The ongoing logging of these areas creates a range of adverse environmental and economic impacts including water qualify and erosion issues and spraying of herbicide, as well as issues relating to weeds, burning off and visual impacts. Recently, just prior to a rain event, the logging debris was put on fire and left to choke the Wandiligong (Morses Creek) Valley with pine smoke for days as the wood smouldered after rain. This occurred right in the middle of the Autumn Festival when the area is visited by hundreds of tourists.
For decades now we have been advised by government and others of the importance of protecting water catchments and water quality. Despite this we continue to see clear felling of pines on the steep slopes such as those close to Morse's Creek. When the logging was being undertaken I was amazed to witness heavy machinery traveling directly up the fall line of the slope which appears to be as steep as 40 degrees. The tracks were left to act as drains with no cross drain being installed to minimise erosion.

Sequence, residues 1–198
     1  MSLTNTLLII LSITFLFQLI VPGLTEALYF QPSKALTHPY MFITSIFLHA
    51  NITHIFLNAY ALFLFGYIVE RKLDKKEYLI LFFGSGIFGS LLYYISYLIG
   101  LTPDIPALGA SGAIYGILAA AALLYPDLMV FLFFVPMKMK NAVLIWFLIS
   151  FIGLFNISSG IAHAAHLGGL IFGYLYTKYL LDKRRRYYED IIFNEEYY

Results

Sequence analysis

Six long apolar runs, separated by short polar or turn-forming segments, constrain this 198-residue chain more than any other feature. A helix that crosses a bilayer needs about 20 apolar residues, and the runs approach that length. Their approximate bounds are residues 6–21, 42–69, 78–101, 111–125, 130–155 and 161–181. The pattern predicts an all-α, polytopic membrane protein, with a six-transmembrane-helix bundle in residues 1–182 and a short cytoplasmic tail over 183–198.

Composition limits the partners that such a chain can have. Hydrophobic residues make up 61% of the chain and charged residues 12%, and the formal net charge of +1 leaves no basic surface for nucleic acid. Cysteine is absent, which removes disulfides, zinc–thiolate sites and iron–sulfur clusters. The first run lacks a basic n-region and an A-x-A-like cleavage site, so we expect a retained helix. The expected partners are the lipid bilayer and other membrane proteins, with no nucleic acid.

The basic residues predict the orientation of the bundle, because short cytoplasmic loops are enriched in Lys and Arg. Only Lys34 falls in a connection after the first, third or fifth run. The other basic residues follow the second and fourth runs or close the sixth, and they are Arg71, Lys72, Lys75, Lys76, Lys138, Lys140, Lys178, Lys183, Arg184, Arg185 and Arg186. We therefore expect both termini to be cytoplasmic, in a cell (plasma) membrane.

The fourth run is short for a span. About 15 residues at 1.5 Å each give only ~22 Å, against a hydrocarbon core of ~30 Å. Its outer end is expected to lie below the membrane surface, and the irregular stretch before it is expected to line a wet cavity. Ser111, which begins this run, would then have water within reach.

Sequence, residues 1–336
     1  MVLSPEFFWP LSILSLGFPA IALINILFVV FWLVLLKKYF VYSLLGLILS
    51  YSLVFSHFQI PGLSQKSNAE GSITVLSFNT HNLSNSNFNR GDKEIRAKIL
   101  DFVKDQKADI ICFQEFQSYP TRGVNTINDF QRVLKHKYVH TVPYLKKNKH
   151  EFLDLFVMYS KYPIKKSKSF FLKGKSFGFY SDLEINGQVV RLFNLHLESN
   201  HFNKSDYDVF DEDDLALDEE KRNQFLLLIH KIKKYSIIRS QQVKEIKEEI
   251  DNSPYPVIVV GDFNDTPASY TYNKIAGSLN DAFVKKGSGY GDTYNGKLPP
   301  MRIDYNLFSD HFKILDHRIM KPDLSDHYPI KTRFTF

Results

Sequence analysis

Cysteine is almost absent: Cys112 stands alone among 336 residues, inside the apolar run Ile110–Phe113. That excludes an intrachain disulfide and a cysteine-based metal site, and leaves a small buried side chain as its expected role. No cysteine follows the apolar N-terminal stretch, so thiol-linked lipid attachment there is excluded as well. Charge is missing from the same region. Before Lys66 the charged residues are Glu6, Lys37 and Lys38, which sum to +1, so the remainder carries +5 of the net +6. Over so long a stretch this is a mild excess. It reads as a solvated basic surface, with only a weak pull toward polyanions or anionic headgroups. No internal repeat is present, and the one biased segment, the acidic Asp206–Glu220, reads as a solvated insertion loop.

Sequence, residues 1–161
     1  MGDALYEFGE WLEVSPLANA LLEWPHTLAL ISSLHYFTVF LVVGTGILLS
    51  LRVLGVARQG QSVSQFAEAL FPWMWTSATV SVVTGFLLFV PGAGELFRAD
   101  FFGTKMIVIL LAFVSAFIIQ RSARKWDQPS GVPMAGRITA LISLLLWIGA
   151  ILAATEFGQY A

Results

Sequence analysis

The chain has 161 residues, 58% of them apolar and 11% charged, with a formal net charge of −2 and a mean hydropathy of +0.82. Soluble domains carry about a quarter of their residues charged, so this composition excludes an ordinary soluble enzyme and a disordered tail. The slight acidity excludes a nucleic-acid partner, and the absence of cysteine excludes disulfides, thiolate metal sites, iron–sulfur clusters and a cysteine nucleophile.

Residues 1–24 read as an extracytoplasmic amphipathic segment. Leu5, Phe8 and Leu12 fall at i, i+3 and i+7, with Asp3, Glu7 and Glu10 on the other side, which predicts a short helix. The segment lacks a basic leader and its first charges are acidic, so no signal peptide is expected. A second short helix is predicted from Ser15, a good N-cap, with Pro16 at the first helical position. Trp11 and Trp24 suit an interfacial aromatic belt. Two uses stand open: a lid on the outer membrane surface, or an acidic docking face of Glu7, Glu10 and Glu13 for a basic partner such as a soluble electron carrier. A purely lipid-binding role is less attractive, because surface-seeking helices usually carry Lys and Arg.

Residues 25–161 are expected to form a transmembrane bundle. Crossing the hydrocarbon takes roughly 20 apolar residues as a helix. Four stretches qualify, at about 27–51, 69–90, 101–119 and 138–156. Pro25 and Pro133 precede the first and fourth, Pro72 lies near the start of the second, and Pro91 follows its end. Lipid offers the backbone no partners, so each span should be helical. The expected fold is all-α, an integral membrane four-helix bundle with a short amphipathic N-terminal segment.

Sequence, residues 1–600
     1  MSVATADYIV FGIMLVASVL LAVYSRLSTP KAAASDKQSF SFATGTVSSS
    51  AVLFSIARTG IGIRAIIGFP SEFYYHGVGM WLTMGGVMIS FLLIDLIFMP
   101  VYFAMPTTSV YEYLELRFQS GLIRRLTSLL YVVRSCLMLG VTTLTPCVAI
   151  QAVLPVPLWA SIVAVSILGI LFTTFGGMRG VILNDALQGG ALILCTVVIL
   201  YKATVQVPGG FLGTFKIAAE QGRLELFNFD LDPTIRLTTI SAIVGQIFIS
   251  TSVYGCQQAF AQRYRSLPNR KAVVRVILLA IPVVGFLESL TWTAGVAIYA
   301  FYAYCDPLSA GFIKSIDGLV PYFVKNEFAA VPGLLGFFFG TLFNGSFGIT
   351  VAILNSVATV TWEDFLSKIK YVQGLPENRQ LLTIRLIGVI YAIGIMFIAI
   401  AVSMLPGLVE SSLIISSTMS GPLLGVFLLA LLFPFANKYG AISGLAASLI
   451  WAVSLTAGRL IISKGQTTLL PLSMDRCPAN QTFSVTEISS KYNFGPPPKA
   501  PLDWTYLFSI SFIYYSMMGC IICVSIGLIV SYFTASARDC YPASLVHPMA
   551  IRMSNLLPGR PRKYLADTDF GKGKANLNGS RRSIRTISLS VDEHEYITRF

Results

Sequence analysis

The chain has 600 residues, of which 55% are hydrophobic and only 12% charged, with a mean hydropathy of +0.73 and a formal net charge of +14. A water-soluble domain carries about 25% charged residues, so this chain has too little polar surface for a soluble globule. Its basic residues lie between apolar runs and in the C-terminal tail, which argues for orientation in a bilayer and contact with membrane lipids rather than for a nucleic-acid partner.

There are plans to aerial spray herbicide (this may have already occurred) in relatively close proximity to homes and in a valley where wind currents are very difficult to predict. Some may say that these matters are covered by regulations but I ask anybody, particularly those with young children, how they may feel about the prospect of weed control chemicals being sprayed from a helicopter in a location relatively nearby homes and schools. This issue of fine droplet drift is a real concern given the vagaries of air currents in mountainous areas where air densities, movement and mixing can be unpredictable.